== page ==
Recently I was challenged to consider Colossians 4:12. This passage tells of Epaphras wrestling with God (another way to say “struggling on your behalf in prayer”) for the good of those he loves.
Colossians 4:12, “Epaphras, who is one of you, a servant of Christ Jesus, greets you, always struggling on your behalf in his prayers, that you may stand mature and fully assured in all the will of God.”
Initially, this terminology made me feel like I was trying to coerce something from God that He did not want to give to those I loved. But that doesn’t seem consistent with the tone of passages like:
Matthew 7:7-11, “Ask, and it will be given to you; seek, and you will find; knock, and it will be opened to you. For everyone who asks receives, and the one who seeks finds, and to the one who knocks it will be opened. Or which one of you, if his son asks him for bread, will give him a stone? Or if he asks for a fish, will give him a serpent? If you then, who are evil, know how to give good gifts to your children, how much more will your Father who is in heaven give good things to those who ask him!”
Then I thought of wrestling with my boys. This was one of their favorite activities when they were little. If I was in the floor, they were on my back. It was great fun. As we did this, two things happened.
First, my boys grew stronger. Wrestling was a time when their muscles were hardened as they got the chance to muster all of the force they could for as long as they could last. Hearing them grunt and strain as they tried to pin me to the ground was a testimony to how hard they were working. No other exercise could have provided a comparable work out.
Second, we grew closer. Everything about it was delight. If I smiled and said, “Papa needs a break,” they beamed as if they had conquered me. And they had, but not with the force of their wrestling. I was conquered by my affection for them. There was nothing I enjoyed hearing more than hearing, “Papa, can we wrestle?” It meant our relationship was strong. It meant they enjoyed time with me. It allowed me to show them they had a form of access to me that no one else did.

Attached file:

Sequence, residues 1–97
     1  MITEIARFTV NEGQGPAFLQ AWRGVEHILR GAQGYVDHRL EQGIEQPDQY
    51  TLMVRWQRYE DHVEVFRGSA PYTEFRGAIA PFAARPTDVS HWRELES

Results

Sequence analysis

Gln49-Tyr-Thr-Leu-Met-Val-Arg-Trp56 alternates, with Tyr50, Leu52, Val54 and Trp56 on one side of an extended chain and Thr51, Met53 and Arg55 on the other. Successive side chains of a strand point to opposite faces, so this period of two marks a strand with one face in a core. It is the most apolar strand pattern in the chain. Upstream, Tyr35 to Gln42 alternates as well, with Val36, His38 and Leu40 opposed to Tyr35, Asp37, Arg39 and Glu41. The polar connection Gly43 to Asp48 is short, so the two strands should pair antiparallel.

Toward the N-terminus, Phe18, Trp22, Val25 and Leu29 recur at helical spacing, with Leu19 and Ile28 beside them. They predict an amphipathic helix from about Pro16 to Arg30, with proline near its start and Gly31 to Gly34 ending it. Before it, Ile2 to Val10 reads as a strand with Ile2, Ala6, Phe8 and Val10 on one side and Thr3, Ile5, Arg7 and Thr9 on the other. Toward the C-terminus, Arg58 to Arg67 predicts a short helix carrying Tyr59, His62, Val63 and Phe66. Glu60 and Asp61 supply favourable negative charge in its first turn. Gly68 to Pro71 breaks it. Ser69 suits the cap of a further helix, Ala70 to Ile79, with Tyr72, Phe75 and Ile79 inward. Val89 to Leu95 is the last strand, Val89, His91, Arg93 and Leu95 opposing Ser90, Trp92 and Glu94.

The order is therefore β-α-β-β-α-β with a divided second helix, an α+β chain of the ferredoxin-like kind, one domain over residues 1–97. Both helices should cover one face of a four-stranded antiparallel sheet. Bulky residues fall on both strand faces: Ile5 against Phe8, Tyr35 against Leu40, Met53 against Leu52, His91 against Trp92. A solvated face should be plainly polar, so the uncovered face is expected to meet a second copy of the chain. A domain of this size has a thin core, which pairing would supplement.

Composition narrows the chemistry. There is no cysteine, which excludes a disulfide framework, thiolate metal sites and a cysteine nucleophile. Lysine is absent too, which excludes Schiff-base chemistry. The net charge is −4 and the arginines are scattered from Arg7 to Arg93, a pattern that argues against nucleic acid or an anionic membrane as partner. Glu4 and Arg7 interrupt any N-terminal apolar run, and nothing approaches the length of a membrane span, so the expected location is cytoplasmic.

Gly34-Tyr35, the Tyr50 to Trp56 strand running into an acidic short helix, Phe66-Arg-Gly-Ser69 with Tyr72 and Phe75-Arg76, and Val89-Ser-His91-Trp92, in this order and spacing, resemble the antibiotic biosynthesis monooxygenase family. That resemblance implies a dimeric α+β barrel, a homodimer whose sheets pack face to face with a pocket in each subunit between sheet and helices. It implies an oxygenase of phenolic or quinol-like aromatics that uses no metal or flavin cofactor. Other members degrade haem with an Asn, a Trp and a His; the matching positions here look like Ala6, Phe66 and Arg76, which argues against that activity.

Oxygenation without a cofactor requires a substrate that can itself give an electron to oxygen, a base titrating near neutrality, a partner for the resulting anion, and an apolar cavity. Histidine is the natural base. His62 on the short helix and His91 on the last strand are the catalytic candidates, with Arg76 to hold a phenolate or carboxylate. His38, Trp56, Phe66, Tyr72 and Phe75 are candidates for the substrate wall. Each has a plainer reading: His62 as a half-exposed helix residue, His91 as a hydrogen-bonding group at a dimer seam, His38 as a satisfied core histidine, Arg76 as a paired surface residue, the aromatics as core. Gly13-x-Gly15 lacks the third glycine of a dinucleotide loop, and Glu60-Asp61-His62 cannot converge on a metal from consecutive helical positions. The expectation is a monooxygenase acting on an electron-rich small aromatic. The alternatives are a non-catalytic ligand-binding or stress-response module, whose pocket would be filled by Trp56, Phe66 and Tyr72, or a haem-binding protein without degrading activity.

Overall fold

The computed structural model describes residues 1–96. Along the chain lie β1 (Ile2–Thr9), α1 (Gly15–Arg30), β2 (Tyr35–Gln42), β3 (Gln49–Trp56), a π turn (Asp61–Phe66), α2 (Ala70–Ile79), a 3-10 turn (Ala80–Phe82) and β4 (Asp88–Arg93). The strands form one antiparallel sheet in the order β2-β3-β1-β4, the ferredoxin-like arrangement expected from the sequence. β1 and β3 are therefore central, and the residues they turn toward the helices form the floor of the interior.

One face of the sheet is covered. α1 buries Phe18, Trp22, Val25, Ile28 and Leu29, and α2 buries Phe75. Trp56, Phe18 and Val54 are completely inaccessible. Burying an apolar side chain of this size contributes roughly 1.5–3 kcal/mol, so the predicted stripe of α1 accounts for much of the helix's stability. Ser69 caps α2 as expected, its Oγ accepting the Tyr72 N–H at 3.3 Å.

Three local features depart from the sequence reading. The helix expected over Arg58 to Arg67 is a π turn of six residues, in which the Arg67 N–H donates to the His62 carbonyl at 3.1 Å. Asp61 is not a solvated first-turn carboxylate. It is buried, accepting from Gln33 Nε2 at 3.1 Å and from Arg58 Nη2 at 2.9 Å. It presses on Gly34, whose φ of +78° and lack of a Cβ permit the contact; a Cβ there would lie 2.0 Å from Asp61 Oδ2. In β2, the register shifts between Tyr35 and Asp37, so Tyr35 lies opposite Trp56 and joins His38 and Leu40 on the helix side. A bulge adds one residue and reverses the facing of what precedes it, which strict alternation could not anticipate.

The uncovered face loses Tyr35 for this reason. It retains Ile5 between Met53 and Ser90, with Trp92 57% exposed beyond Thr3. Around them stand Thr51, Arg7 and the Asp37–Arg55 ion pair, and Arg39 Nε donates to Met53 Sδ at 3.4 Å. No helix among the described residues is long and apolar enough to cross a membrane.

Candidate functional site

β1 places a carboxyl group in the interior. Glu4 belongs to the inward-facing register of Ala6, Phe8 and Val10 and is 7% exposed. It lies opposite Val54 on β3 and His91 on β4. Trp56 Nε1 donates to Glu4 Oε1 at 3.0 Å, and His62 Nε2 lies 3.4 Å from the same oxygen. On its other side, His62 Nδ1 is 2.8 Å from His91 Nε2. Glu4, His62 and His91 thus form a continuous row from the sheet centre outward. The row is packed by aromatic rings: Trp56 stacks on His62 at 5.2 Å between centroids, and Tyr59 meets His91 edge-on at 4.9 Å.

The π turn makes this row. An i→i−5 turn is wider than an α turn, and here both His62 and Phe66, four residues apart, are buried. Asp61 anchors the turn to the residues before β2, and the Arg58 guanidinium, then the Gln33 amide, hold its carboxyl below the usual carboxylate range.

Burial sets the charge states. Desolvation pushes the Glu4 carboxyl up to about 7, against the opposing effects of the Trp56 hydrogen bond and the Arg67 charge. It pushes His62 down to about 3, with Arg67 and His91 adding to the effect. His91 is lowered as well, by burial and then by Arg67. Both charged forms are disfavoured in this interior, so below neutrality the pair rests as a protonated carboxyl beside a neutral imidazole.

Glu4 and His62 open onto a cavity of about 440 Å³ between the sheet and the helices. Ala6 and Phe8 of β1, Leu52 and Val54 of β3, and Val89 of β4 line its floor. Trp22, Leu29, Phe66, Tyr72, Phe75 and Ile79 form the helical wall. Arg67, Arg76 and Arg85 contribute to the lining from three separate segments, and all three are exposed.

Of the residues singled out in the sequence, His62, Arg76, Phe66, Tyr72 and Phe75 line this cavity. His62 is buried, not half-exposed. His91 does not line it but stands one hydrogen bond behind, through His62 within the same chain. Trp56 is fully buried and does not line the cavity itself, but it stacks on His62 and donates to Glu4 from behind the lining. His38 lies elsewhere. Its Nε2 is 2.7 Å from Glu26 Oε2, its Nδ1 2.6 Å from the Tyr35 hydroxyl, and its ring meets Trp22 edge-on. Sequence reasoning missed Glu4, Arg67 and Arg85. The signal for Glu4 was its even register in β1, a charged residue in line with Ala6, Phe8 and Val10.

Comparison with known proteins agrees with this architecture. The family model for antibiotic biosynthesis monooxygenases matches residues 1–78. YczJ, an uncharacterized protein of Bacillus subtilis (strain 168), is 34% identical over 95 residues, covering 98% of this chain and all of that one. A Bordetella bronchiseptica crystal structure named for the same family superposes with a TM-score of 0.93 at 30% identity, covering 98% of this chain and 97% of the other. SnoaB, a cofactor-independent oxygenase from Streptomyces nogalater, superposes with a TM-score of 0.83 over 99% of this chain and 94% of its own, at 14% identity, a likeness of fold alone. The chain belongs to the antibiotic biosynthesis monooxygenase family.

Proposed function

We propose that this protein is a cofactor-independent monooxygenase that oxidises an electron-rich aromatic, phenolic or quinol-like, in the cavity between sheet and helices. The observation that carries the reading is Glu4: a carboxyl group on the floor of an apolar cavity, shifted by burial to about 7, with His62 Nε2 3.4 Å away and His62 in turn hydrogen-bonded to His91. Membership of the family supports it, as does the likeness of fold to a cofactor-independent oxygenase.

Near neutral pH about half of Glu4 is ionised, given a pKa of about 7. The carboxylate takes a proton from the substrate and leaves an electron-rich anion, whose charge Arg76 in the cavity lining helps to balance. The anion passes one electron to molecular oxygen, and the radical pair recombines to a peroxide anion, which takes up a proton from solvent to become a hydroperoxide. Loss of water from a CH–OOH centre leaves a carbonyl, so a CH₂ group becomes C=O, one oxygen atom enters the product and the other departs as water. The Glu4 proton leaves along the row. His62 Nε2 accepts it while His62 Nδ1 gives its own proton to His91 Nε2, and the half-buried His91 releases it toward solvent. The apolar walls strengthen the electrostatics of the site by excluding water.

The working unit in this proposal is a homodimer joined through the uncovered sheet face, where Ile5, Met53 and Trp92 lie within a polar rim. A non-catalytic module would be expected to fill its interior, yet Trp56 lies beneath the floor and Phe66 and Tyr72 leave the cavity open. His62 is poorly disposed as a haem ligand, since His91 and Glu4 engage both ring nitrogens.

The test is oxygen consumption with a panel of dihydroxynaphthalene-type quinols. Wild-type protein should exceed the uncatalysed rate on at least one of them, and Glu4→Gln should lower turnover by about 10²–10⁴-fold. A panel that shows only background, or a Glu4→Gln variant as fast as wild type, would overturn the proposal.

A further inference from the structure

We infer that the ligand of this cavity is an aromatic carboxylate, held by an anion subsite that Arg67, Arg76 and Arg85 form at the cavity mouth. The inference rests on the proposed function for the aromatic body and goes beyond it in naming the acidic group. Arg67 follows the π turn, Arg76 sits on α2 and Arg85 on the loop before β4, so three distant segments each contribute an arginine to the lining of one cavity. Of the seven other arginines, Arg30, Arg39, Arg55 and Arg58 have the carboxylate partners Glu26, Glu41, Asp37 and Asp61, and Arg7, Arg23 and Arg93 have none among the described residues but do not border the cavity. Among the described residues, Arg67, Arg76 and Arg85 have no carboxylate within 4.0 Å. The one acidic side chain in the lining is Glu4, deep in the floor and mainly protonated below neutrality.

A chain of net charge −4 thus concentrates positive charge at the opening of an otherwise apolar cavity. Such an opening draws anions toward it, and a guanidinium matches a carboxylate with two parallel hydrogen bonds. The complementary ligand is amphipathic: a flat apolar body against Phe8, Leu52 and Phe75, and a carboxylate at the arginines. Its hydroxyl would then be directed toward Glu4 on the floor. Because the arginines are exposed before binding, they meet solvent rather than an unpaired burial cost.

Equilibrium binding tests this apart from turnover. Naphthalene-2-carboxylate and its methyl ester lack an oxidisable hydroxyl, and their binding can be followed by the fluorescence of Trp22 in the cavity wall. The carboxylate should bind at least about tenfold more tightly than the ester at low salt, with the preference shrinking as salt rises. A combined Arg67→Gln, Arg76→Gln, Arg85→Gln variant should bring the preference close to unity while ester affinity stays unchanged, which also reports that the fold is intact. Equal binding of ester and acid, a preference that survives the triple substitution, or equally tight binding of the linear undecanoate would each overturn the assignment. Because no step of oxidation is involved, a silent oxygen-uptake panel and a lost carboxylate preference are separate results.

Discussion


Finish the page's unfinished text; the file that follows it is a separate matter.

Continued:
This is not to say there is not a place for combat-imagery for prayer. But we should remember that the person we are aggressively wrestling is not God our Father. We petition our Father to fight these battles on our behalf (Ephesians 6:10-20).
Our role is to stand firm (the primary active verb of this passage; Ephesians 6:13). The spiritual strength to do this was created by our wrestling; as was the emotional strength to have confidence that our Father is greater than our present challenge, whatever it may be.
The time we’ve spent wrestling with him is meant to embolden our confidence that our Daddy is strong enough to conquer anyone or anything that would come against us. The sweet times of wrestling together is meant to solidify our trust that our Father will use his power for our good.
My encouragement is that you would often say to God, “Papa, can we wrestle?” As you do, envision his smile at your invitation and lay into Him with everything you’ve got. Know that you are wrestling “with” Him, not “against” Him. As you do, feel His power and His love. Grow confident that:
Romans 8:31-39, “If God is for us, who can be against us? He who did not spare his own Son but gave him up for us all, how will he not also with him graciously give us all things? Who shall bring any charge against God’s elect? It is God who justifies. Who is to condemn? Christ Jesus is the one who died—more than that, who was raised—who is at the right hand of God, who indeed is interceding for us. Who shall separate us from the love of Christ? Shall tribulation, or distress, or persecution, or famine, or nakedness, or danger, or sword? As it is written, ‘For your sake we are being killed all the day long; we are regarded as sheep to be slaughtered.’ No, in all these things we are more than conquerors through him who loved us. For I am sure that neither death nor life, nor angels nor rulers, nor things present nor things to come, nor powers, nor height nor depth, nor anything else in all creation, will be able to separate us from the love of God in Christ Jesus our Lord.”
I hope this post reminds you that the power of prayer is not in the eloquence of our request, but in the love and faithfulness of the One you address… as Father.